Patients that are on Medicaid or uninsured have higher rates of reportable patient safety and quality of care issues during hospitalization for brain tumors, reports a study in the March issue of Neurosurgery, official journal of the Congress of Neurological Surgeons.
Not having private insurance is associated with higher rates of patient safety issues (PSIs) and hospital-acquired conditions (HACs)—leading to longer hospital stays and worse patient outcomes, according to the study by Dr. Kristopher G. Hooten and colleagues of University of Florida, Gainesville. Especially with reporting of these quality metrics under health care reform, the authors call for efforts to address disparities in quality of care for vulnerable patient populations.
Insurance Status Linked to Patient Safety and Quality of Care
Using a nationwide hospital care database, the researchers analyzed nearly 550,000 patients with brain tumors receiving hospital care between 2002 and 2011. About 44 percent of patients were on Medicare and 41 percent had private insurance. The remaining 15 percent were classified as Medicaid or "self-pay" (uninsured) patients.
Overall rates of reportable PSIs and HACs were highest for Medicare patients: 22.8 and 4.0 percent, respectively. Further analysis of the effects of insurance status excluded the Medicare group—because it was restricted to older adults, it wasn't comparable to the other groups.
The Medicaid/self-pay patients had more reportable quality problems than the privately insured patients. Patient safety issues were reported for 20.6 percent of Medicaid/self-pay patients, compared to 8.6 percent for those with private insurance. Hospital-acquired conditions were reported for 2.2 percent of the Medicaid/self-pay group versus 1.9 percent of the privately insured group.
There were several important differences in patient characteristics between groups—including the fact that Medicaid/self-pay patients had more accompanying medical problems and were more likely to be hospitalized on an emergency basis, compared to those with private insurance.
After adjustment for patient factors, the differences by insurance status remained significant. The increased rates of PSIs and HACs in the Medicaid/self-pay group were associated with more time in the hospital and an increased risk of poor outcomes, including in-hospital death.
Differences Explained by Adjustment for Patient and Hospital Factors
Medicaid/self-pay patients were also more likely to be treated at government-funded and teaching hospitals, and the percentage of such patients was highest in Southern states. Controlling for hospital factors, in addition to patient factors, explained the effects of insurance status on PSIs and HACs.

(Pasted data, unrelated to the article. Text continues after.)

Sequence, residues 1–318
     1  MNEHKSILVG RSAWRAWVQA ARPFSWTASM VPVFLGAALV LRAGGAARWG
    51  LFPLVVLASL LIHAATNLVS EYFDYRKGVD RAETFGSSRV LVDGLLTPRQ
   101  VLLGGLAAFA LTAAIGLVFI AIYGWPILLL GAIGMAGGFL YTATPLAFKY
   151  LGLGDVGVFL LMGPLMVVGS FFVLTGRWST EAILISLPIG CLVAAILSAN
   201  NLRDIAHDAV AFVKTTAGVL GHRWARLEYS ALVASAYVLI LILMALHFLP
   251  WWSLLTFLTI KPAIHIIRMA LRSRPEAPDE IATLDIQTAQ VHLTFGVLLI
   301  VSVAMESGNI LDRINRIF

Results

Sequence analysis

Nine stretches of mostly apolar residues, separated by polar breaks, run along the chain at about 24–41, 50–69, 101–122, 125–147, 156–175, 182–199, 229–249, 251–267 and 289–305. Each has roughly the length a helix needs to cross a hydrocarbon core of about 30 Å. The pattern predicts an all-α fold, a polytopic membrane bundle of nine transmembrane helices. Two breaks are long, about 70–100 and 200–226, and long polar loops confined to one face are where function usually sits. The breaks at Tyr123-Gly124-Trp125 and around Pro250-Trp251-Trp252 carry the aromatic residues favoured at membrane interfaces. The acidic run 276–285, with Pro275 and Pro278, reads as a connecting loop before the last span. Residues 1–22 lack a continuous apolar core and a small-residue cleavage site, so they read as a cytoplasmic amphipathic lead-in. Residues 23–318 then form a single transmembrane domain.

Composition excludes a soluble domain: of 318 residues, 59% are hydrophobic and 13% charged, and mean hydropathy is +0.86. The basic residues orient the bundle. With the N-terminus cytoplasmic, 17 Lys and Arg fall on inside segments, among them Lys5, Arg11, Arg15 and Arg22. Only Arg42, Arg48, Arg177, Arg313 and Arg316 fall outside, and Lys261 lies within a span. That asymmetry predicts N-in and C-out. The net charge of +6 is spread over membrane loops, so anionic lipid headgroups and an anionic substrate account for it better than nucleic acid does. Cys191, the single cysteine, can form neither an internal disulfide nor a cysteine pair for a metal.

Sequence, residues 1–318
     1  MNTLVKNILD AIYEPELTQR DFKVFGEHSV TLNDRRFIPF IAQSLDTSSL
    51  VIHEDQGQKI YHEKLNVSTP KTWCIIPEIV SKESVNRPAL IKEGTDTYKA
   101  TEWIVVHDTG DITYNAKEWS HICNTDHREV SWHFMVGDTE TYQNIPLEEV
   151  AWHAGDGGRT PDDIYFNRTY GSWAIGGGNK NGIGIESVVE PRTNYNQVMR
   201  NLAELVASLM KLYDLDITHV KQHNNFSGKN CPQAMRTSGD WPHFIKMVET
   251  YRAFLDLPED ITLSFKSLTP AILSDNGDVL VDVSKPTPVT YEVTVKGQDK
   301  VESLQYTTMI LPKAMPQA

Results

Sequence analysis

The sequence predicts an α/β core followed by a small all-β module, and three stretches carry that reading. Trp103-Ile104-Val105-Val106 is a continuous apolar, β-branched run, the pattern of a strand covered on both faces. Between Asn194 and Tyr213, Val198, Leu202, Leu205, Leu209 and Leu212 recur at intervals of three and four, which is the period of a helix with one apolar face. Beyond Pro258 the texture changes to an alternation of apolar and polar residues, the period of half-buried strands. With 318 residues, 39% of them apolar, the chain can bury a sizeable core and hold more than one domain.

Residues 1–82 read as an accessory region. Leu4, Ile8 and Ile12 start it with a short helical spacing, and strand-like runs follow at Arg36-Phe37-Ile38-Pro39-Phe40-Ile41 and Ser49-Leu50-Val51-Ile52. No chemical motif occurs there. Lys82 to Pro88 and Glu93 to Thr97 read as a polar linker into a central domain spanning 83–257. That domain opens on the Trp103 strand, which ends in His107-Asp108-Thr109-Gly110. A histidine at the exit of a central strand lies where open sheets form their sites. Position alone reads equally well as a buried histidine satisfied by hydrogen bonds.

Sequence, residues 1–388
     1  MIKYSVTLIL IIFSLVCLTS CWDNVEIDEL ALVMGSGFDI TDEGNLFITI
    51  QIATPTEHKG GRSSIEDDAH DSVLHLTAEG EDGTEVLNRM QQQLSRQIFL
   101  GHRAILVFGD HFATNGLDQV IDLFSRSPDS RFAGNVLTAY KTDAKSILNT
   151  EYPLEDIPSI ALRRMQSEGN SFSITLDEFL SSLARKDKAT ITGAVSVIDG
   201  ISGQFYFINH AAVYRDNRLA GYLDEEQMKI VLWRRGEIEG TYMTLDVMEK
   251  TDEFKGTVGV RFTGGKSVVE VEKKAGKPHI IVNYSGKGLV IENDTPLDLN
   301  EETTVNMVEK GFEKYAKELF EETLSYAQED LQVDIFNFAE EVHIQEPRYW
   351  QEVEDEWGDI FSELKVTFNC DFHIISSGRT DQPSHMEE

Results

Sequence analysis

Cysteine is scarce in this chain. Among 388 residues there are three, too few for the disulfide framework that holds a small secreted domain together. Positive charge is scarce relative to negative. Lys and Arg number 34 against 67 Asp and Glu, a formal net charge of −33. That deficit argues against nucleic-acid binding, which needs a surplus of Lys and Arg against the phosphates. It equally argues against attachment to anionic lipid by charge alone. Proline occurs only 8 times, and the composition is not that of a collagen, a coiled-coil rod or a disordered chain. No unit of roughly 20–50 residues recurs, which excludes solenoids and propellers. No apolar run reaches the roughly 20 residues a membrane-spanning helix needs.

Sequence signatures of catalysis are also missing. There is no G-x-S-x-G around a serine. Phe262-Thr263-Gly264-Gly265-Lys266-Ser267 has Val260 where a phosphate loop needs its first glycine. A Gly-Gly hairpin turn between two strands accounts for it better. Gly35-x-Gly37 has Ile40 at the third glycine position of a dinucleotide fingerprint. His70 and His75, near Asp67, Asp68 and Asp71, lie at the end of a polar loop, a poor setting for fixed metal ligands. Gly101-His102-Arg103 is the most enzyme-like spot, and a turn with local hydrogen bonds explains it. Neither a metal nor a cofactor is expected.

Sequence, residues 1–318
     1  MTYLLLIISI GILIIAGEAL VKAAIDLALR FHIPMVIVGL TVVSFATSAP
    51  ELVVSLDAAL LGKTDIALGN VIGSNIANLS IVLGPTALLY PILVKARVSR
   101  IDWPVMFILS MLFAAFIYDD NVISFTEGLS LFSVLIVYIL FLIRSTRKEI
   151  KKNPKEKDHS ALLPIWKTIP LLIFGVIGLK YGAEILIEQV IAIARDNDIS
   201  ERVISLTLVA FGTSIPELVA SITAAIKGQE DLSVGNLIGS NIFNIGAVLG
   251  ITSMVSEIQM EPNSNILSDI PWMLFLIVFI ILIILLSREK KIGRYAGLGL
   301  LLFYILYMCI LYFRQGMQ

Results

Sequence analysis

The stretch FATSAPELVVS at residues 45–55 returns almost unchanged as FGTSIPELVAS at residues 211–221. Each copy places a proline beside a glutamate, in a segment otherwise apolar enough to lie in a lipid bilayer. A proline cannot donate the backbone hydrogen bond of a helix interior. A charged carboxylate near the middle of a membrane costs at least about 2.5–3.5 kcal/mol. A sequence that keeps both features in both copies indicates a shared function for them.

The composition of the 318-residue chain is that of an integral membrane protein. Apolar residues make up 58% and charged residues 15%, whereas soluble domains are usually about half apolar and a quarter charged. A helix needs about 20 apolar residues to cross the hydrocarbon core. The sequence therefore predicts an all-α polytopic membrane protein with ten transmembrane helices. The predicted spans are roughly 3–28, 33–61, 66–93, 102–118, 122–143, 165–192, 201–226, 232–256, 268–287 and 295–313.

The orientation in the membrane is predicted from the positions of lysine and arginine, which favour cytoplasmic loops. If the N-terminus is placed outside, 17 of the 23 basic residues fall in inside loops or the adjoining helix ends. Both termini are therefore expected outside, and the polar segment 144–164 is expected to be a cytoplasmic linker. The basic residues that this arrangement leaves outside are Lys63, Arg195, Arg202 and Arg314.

That suggests that the higher rates of quality problems aren't explained by insurance status itself, but rather by a complex mix of related factors—including differences in access to health care and prehospital treatment. Even though teaching hospitals treated more Medicaid/self-pay patients, their rates of PSIs and HACs were no higher than at non-teaching hospitals.
Under the Affordable Care Act, hospitals' reimbursement is tied to their performance on measures including PSIs and HACs. The new study shows that for patients with brain tumors, rates of reportable patient safety and care quality problems are higher for Medicaid and underinsured patients, and lead to worse patient outcomes. Similar disparities related to insurance status have been found in other groups of patients, such as those undergoing vascular or colorectal cancer surgery.
Further study is needed to evaluate possible measures to address HACs and PSIs in brain tumor patients—focusing on common events such as falls, pressure ulcers, and postoperative respiratory failure. Dr. Hooten and colleagues conclude, "With the implementation of the Patient Safety and Affordable Care Act, the cause of these factors should be studied prospectively to begin the process of improving quality metrics in vulnerable patient populations."
Journal information: Neurosurgery
Provided by Wolters Kluwer Health